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Spokane, Washington  Est. May 19, 1883

Family’s civil lawsuit goes to court four years after man dies following deputy response outside gym

File photo of a Spokane County Sheriff’s Office vehicle. (Christopher Anderson / The Spokesman-Review)

Witnesses described 34-year-old Will Berger’s actions inside a South Hill gym on June 6, 2013, as bizarre and aggressive. But Berger never got the chance to explain them.

Responding to a disturbance call, Spokane County sheriff’s Deputies Shawn Audie and Steve Paynter shocked Berger several times with a Taser. After Berger continued to struggle, Audie applied a controversial neck restraint. Berger lost consciousness and later died.

Even though criminal and internal investigations cleared Audie and Paynter, an attorney representing Berger’s family, Karen Unger, will ask a jury in federal court this week to hold the two officers civilly responsible for what she argues was excessive force resulting in Berger’s death.

Unger, reached by phone last week, declined to comment and said the suit speaks for itself.

“At no time did either deputy attempt to engage the decedent in any kind of conversation to determine his level of stress or incompetence,” the suit states. “There was no reason whatsoever to begin Tasing an individual who was of no threat to anyone.”

“Without communicating in any way with Mr. Berger, the officers launched a full-on assault on an unarmed, mentally unstable individual, and caused his death.”

The jury selection is set to begin Monday before U.S. District Judge Rosanna Malouf Peterson.

Sheriff Ozzie Knezovich was originally named as a party to the suit and provided a deposition. But he said last week that he had not been subpoenaed to testify.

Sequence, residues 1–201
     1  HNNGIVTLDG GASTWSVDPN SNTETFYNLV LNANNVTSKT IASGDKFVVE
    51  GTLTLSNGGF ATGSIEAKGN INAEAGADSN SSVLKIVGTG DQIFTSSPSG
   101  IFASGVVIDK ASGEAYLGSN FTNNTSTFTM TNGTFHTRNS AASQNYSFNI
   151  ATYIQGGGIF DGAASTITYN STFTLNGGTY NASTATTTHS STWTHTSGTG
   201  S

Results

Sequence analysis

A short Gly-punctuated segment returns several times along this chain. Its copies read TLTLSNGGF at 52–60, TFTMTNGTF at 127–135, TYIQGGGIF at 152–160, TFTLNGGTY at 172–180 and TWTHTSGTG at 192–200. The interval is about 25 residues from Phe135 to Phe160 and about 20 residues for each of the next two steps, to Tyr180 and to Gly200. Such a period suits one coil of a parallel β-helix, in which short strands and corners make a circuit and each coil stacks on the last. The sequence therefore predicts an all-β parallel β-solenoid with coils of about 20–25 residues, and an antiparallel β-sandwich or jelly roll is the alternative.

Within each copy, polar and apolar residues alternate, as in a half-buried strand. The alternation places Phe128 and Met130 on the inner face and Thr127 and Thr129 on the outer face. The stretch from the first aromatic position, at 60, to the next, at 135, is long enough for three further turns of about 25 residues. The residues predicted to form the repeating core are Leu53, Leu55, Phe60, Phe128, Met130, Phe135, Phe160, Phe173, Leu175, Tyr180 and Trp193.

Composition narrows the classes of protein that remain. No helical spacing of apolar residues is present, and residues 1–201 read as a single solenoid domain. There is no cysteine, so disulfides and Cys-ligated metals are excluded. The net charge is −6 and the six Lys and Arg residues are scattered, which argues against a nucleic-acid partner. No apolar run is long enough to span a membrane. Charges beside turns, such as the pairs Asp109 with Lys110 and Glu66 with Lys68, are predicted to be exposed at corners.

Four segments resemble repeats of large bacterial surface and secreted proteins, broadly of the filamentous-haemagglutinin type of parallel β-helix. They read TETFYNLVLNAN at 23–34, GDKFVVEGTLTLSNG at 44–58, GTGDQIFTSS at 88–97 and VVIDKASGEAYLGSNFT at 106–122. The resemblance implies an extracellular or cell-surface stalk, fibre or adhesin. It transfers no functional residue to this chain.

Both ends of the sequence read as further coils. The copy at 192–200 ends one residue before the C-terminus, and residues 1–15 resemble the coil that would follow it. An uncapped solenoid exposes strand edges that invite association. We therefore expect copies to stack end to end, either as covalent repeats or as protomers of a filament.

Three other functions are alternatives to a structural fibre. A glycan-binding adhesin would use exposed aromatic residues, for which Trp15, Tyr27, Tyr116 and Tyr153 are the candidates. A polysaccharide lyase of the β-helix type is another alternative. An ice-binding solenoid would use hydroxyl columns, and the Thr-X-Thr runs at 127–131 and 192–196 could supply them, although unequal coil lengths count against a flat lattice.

“We did our in-custody death review, and all things were found to be in compliance,” said Knezovich, who declined to comment further.

The attorney representing Spokane County, Heather Yakely, wrote that both Audie and Paynter were authorized to use deadly force to protect themselves or others from what they believed was “an imminent threat of death or serious bodily injury.”

“The Deputies here unequivocally believed that their lives were in danger when they put out a ‘code 99’ over the air,” Yakely wrote. “Yet, even then, they continued to attempt to gain control of (Berger) rather than resorting to deadly force.”

According to court records, Berger entered Oz Fitness near the intersection of 55th Avenue and Regal Street. Witnesses described his bizarre behavior that prompted staff to ask him to leave.

Dressed only in shorts and running shoes, Berger walked outside and appeared to be swinging at cars passing nearby. Someone called 911 and Paynter arrived on the scene.

“Rather than try to engage the decedent Mr. Berger to determine his level of distress, defendant Deputy Paynter immediately Tased Mr. Berger once, and when he did not immediately comply with defendant Deputy Paynter’s commands, continued to Tase him,” Unger wrote.

Audie arrived next and he, too, shocked Berger with a Taser. After Berger continued to struggle, Audie placed Berger in a neck hold that caused Berger to lose consciousness.

As Audie held Berger in the neck hold, a paramedic and an emergency medical technician approached.

“When they approached … they were met with profanity and threats of arrest from defendant Deputy Audie, should they attempt to intervene in any way,” Unger wrote. “As a result, they both backed away, fearing for their own safety.”

After the deputies handcuffed Berger, they realized he wasn’t breathing. Berger was never revived, but medical officials kept him on life support long enough for his organs to be retrieved for donation, Unger wrote.

Berger’s father, William “Bill” Berger, dropped his son off at Oz Fitness that day, Unger wrote. The elder Berger arrived back at that location “in time to see his son killed by” Audie and Paynter, which has caused Berger ongoing mental health problems.